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asking for advice, boost ++++++++ 

hey y'all! as some of you might know I'm moving for the first time in my life soon™️ but in the meantime I'm doing some roomie interviews/chats (which I've also never done before)

what are some questions I should be asking during these calls? are there any pieces of advice you have for me?

I'm v nervous about this so anything helps, even if it seems incredibly obvious

thanks!!!!

asking for advice, boost ++++++++ 

@bees asking about people’s daily routines, pet peeves, things they’ve liked about roommates in the past, how much they like to socialize vs just do your own thing, how clean they are, what the neighborhood is like. what the noise levels are like. how much each persons portions of the bills usually cost

asking for advice, boost ++++++++ 

@bees oh also whether they plan on continuing to live there (the worst is when people get you in and then leave and you have to replace them all by yourself)

re: asking for advice, boost ++++++++ 

@bees if the person makes you feel uncomfortable, even if you don't really know why, absolutely decline them.

asking for advice, boost ++++++++ 

@bees some basic stuff off the top of my head:
if they need any accommodations/they have any hard rules they need set
if they wanna combine food budgets
if they care about smoking

asking for advice, boost ++++++++ 

@bees one piece of advice is to keep in mind that even if you and a potential roommate hit it off and it seems like a perfect match, once you live together a while you'll almost definitely do things that bother each other and the key to maintaining the roomie relationship is knowing what's a hard boundary for you and when it's not that big of a deal and to let it go. like, everyone has habits that other people probably won't like

asking for advice, boost ++++++++ 

@bees if you can cook together, get groceries together, if they need the kitchen or bathroom or whatever during certain times of the day, setting up a cleaning schedule, setting boundaries on the noise levels & if the noise levels can be ignored with permission or on certain days, etc

asking for advice, boost ++++++++ 

@bees if you get to a place you like, (I have little experience with roomies so I hope this helps)

Check the shower and see that it's a comfortable fit for you, water wise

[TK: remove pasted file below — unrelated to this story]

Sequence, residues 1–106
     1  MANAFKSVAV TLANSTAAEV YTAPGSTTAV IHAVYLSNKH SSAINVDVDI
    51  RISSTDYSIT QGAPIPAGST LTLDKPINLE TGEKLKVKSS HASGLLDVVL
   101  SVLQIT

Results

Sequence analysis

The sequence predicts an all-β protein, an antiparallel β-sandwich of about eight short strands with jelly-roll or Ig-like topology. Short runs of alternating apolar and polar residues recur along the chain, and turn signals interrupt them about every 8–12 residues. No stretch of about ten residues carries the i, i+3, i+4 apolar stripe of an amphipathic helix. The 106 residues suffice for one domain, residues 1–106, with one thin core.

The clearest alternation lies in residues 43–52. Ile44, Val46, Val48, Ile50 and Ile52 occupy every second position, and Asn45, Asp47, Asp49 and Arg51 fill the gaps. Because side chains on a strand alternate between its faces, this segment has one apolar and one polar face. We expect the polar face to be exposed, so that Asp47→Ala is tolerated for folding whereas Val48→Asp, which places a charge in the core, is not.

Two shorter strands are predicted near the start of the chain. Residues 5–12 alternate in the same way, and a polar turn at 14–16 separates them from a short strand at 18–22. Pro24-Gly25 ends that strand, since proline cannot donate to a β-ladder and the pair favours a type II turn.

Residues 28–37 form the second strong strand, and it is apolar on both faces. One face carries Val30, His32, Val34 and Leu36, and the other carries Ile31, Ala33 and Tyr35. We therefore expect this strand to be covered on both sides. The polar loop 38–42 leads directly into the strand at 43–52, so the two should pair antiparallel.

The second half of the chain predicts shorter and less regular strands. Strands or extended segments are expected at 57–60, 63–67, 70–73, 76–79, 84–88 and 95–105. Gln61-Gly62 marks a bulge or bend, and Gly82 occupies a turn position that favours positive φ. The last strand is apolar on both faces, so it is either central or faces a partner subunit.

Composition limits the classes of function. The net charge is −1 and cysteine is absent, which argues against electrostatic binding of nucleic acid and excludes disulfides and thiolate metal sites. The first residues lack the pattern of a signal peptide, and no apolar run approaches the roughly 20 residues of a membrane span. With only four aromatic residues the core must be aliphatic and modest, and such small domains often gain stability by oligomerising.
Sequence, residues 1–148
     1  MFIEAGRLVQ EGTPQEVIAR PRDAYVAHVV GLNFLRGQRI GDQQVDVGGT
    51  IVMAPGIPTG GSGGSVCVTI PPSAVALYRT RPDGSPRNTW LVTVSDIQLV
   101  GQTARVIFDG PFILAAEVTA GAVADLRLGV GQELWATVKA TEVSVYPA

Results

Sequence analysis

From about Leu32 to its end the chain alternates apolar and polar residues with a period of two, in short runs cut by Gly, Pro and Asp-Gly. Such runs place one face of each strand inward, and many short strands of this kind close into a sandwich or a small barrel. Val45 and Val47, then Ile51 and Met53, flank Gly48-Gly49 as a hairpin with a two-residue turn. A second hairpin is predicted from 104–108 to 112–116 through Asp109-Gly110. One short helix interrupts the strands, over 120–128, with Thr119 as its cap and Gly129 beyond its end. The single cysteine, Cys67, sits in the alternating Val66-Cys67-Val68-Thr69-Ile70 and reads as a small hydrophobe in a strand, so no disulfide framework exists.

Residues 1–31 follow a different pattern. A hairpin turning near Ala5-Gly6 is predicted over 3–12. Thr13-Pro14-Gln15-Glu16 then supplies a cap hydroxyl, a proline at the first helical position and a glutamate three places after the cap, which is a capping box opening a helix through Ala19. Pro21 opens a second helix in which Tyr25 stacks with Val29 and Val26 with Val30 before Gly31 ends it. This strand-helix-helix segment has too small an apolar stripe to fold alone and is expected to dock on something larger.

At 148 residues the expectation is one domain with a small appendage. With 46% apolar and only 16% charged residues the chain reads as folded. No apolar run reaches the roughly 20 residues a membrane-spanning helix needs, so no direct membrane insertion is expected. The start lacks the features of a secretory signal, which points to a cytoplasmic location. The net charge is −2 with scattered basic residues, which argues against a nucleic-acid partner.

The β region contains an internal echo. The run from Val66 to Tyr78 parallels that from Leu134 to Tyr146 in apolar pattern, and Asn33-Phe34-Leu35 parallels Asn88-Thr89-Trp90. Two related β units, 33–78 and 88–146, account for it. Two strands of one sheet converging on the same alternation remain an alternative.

Check where outlets are
Check what public transit routes go by even though it may be a while before you can use them.
Trust your gut

asking for advice, boost ++++++++ 

@bees Adapted from a job interview question I like to ask: “What’s the most important trait for someone to have to be an ideal roommate for you?” Then follow up with “what’s the most disastrous trait?” This helps you self-select your own compatibility with them, but will also tell you a lot about them and their values.

asking for advice, boost ++++++++ 

@bees I always ask about their cleanliness levels, noise levels, when they go to bed and get up, if they want to have a super social house or a chill one
Talking about splitting up chores and responsibilities is important

asking for advice, boost ++++++++ 

@Cyborgneticz @bees this would be my advice, too.

asking for advice, boost ++++++++ 

@bees You definitely want someone with a compatible level of mess tolerance- if you have very different ideas of how clean the place needs to be, it'll be a source of conflict.

asking for advice, boost ++++++++ 

@bees Are they looking for a roommate who's a friend they hang out with, or a roommate who's just someone who lives at the same address?

What chores do they figure are everyone-does-for-themselves and what are ones where someone-does-for-the-whole-apartment?

How loud/energetic/active are they, and at what times of day?

How do they take it when someone asks them to knock it off? How shy are they about saying when they need something knocked off?

asking for advice, boost ++++++++ 

@bees Oh, and should say, you have to ask yourself these questions. Try to room with people who have similar expectations of what they're looking for.

It doesn't have to be a perfect match (nothing ever is), but it can't be stable if people are looking for very different things from roommates. It's really important you have compatible ways of handling it when you're annoyed by something the other's doing, though.

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